Activities to Help You and Your Children further Explore The Icebergs
Before doing any other activities, ask children to tell what’s going on in the painting and what tells them that. Enhance their observational and verbal skills by rephrasing words and adding new vocabulary.
- Help them notice how the foreground ice formation frames the iceberg in the middle ground.
- Point out how Church has highlighted that middle ground iceberg with sunlight.
- Encourage them to look way into the background at the distant horizon to see more icebergs.
Though we might expect a painting of icebergs to be mostly white, Church’s interest in science as well as his artistic training, helped him look carefully to see many colors reflected in the towering icebergs.
A friend of Church, who was a pastor, wrote this description of what he saw as he accompanied Church in the rowboat, “the steepled icebergs ,a vast metropolis in ice, pearly white and red as roses glittering in the sunset.” Pastor Louis Noble.
Go to this link to The Icebergs at the Dallas Art Museum and enlarge and scan around the painting,
- Encourage children to see the details. Have them call out or write down the colors they see.
- Older children might enjoy coming up with similes for the different colors and textures they see. For example, parts of the iceberg look like peaks of white frosting.
Before You Go
If you’d like more activity ideas for art, history, and nature, curriculum connections, and links to more resources, be sure to sign up for my newsletter and receive a free guide to 5 Ways Art Benefits Children’s Cognitive, Physical, Spiritual, and Social Development, with a Few Fun and Easy Activities for each Benefit
Visit my website where you’ll find free downloadable puzzles, how-to-draw pages and coloring pages for kids and an updated list of my hands-on workshops, chapels, and presentations for all ages. Add link
Pictures of Molly
Molly and I took some photos on a cold day here in Colorado a few days ago. It was so cold that frost and snow froze instantly on every surface! We hope you enjoy them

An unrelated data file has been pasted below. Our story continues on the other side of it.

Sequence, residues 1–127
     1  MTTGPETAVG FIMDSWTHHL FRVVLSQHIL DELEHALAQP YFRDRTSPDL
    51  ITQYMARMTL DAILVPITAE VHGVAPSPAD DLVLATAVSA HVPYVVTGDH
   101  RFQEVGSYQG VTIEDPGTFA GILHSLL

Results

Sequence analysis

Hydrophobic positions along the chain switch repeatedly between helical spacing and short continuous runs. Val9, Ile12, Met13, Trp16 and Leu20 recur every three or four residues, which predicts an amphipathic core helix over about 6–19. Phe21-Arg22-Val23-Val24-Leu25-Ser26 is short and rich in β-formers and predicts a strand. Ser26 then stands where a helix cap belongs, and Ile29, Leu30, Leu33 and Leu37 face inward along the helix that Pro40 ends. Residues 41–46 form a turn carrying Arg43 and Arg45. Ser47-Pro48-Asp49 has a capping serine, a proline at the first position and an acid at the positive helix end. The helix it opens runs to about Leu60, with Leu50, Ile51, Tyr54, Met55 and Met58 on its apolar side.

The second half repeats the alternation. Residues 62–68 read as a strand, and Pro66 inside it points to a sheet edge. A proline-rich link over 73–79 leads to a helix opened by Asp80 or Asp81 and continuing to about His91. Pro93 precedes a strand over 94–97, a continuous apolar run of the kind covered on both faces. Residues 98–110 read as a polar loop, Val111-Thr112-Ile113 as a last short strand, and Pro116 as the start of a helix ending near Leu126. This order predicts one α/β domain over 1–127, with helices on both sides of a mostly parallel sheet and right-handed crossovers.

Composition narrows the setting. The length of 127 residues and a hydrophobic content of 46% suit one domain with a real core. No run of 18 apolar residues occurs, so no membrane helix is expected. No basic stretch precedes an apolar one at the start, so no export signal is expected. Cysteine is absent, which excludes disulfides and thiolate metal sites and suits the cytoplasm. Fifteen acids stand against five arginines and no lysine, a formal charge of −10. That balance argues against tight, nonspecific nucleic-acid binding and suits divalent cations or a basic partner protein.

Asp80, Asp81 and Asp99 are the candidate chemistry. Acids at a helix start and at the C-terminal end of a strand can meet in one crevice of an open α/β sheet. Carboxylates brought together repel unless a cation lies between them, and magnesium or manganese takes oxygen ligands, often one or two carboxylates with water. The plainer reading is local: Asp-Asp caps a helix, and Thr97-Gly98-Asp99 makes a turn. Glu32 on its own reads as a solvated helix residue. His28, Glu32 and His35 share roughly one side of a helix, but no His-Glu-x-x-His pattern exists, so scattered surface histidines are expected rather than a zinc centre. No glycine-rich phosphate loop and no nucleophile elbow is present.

And we hope you enjoy this first post in a series about Frederick Edwin Church. Next week we’ll have a devotion based on the painting or Church’s life and work.
If you’re new to my blog, this is what you’ll usually find in each month-long series. One post will come each week, usually followed by a newsletter the last week:
Post 1 will engage your children’s minds in art appreciation activities. with background information about the artist and artwork with pictures and links for you. Then I’ll give you some kid-friendly activities to help you and your children enjoy and appreciate the artwork.
Post 2 will engage your children’s hearts in a kid-friendly devotion based on the artwork.
Post 3 will engage children’s hands in an art activity based on the artwork. There are always suggestions to make the activities doable for a range of ages.
Post 4 may be related books to read or an interview with a children’s author. I include picture books as well as middle grade books.
In my end-of-month newsletter, you’ll find lots of ideas and links to help you make connections to other subjects related to the month’s artwork and artist. I hope this format will help you with games, lessons, and activities to engage your children’s minds, hearts, and hands in learning about and enjoying art.